Hon. S.L. Akintola V. Sir Adesoji Aderemi & Anor (1962) LLJR-SC

Hon. S.L. Akintola V. Sir Adesoji Aderemi & Anor (1962)

LawGlobal-Hub Lead Judgment Report

ADEMOLA, C.JF

ON the 21st day of May, 1962, the above-named plaintiff filed an action in the High Court at Ibadan in Western Nigeria against the 1st defendant claiming as follows:-

(i) A Declaration that there is no right in the Defendant to relive the Plaintiff of his office as Premier of Western Nigeria under s.33(10) of the Constitution of Western Nigeria in the absence of a prio resolution/decision of the Western House of Assembly reached on the floor of the House to the effect that the Plaintiff no longer commands the majority of the members of the House of Assembly.

(ii) An injunction to restrain the Defendant from purporting to relieve the Plaintiff of his office as Premier of Western Nigeria under s.33(10) of the Constitution of Western Nigeria in the absence of a prior resolution/decision reached on the floor of the House of Assembly to the effect that the Plaintiff no longer commands the support of a majority of the members of the House of Assembly.

At the same time there was filed with the Court a Notice of Motion for an order of interim injunction to restrain the 1st defendant “from purporting to relieve the plaintiff of his office as Premier of the Western Region in the absence of a resolution of the House of Assembly to the effect that he no longer commands the support of the majority of members of the House of Assembly”. Subsequent to the filing of the Writ and Notice of Motion, the 1st defendant by a notice purported to remove the plaintiff from the office of Premier and proceeded to swear in the 2nd defendant as the Premier of the Region. The plaintiff thereupon sought and obtained the leave of the Court to add to his claims two more reliefs as follows:

(iii) A Declaration that the purported removal of the Plaintiff by the Defendant as Premier of Western Nigeria is invalid and of no effect.

(iv) An injunction to restrain the Defendants from usurping or permitting anyone to usurp the duties of the Plaintiff as Premier of Western Nigeria unless and until he resigns or is constitutionally relieved of the office.

At this stage leave was obtained by the plaintiff to join the 2nd defendant in the action. Subsequently, the 2nd defendant obtained the leave of the Court to file a counter-claim.

On the 29th May, 1962, the plaintiff, in accordance with the Order of Court, filed a Statement of Claim to which a Statement of Defence and counter-claim were filed jointly on behalf of the two defendants. The Counter-claim reads:

The Defendants claim:

(1) A declaration that the removal of the Plaintiff from the office of Premier of Western Region was valid and effective.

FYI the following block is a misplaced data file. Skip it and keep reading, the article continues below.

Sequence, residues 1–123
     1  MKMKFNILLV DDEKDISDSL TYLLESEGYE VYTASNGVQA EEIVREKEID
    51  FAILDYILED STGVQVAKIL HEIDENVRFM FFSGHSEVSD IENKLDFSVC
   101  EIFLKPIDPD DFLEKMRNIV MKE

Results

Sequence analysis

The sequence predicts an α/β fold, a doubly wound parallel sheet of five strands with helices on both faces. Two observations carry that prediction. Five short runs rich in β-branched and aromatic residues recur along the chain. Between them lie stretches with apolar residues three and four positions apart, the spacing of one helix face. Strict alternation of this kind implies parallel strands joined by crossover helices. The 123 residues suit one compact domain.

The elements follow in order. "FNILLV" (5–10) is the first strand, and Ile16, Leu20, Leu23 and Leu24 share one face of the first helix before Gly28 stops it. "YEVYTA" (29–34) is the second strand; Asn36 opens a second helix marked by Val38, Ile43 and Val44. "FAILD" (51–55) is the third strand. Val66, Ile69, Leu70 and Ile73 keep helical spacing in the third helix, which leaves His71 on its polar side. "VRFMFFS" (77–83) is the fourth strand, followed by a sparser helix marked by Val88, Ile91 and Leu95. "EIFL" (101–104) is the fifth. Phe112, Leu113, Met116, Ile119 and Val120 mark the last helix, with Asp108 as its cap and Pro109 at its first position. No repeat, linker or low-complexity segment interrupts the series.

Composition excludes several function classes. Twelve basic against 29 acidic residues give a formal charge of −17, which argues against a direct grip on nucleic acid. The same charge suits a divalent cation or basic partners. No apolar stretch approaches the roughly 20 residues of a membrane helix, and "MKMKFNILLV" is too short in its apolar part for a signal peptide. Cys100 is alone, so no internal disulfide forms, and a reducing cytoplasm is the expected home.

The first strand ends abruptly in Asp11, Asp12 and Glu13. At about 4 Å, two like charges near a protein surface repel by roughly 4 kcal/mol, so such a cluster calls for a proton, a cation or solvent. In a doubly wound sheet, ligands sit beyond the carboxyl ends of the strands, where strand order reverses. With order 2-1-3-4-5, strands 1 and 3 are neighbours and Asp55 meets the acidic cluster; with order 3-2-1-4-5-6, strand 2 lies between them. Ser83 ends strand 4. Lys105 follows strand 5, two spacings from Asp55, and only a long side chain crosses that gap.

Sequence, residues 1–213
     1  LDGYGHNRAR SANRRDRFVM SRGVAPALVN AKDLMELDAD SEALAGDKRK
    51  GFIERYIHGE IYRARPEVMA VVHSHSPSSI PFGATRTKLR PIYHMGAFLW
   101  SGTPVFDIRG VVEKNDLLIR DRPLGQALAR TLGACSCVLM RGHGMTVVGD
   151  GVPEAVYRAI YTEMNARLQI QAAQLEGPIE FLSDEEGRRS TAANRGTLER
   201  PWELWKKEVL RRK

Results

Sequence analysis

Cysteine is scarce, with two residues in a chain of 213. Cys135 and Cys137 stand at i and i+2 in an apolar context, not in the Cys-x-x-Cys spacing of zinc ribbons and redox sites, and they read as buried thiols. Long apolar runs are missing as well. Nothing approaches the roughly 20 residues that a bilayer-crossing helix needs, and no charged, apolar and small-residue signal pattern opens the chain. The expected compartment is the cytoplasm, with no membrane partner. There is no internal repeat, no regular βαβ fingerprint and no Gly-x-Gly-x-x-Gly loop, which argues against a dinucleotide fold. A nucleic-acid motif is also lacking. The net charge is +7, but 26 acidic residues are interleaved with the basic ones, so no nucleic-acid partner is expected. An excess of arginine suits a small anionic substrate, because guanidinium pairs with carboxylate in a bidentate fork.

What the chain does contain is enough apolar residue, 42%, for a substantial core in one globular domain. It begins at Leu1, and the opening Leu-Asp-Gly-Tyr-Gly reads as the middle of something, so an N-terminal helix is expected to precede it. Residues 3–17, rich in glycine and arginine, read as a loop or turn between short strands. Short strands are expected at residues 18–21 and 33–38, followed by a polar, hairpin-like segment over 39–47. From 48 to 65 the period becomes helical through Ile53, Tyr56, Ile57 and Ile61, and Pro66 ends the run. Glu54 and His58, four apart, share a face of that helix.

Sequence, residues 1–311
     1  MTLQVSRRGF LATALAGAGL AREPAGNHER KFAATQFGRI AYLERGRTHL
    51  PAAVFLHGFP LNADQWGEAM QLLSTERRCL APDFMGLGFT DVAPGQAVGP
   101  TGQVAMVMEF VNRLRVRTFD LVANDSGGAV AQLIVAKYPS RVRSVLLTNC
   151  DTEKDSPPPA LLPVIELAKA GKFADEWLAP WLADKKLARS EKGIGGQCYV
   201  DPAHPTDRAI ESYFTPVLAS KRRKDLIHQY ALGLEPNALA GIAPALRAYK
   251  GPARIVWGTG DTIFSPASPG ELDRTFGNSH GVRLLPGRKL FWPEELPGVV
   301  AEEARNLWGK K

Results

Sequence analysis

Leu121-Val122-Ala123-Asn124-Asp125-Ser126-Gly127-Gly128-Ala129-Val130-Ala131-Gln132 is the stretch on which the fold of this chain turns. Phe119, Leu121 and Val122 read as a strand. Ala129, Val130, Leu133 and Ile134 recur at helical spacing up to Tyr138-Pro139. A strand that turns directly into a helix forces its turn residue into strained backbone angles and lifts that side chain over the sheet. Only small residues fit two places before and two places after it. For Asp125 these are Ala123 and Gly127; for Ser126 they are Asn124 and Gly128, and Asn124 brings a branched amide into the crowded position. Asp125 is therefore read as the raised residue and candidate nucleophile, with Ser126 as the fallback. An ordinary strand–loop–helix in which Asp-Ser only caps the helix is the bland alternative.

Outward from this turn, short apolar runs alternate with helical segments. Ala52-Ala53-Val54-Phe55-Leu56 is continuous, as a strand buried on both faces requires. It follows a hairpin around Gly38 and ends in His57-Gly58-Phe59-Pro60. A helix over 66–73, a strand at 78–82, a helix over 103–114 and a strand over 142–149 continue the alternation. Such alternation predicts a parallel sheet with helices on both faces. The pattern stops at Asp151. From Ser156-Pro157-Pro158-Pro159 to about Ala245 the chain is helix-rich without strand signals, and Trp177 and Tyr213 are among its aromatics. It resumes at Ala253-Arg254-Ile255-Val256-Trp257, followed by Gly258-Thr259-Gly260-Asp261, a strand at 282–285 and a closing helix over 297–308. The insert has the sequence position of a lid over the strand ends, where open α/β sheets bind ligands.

(2) A declaration that the 2nd defendant was validly and lawfully appointed as Premier by the first Defendant and that the second Defendant has ever since the 21st May, 1962, been entitled to act and to exercise all powers and to discharge all the functions of Premier of the Western Region.

(3) An injunction to restrain the Plaintiff from purporting to act as Premier of the Western Region or from exercising any of the forms or discharging any of the functions of Premier of the Western Region.

Upon this matter coming up for hearing before the High Court, Ibadan, on 5th June, 1962 after a preliminary argument, including an application under Section 108 of the constitution of the Federation to have certain points referred to the Federal Supreme Court, it was decided to refer the matter and counsel on both sides agreed that the following issues be so referred:-

1. Can the Governor validly exercise power to remove the Premier from office under Section 33 subsection 10 of the constitution of Western Nigeria without prior decision or resolution on the floor of the House of Assembly showing that the Premier no longer commands the support of a majority of the House?

2. Can the Governor validly exercise power to remove the Premier from office under Section 33(10) of the Constitution of Western Nigeria on the basis of any materials or information extraneous to the proceedings of the House of Assembly?

The learned chief Justice of the High Court, Western Region, accordingly referred the two issues to his Court under Section 108(2) of the Constitution of the Federation of Nigeria which provides:

108(2) Where any question as to the interpretation of this constitution or the constitution of a Region arises in any proceedings in the High Court of a territory and the court is of the opinion that the question involves a substantial question of law, the Court may, and shall if any party to the proceedings so requests refer the question to the Federal Supreme Court.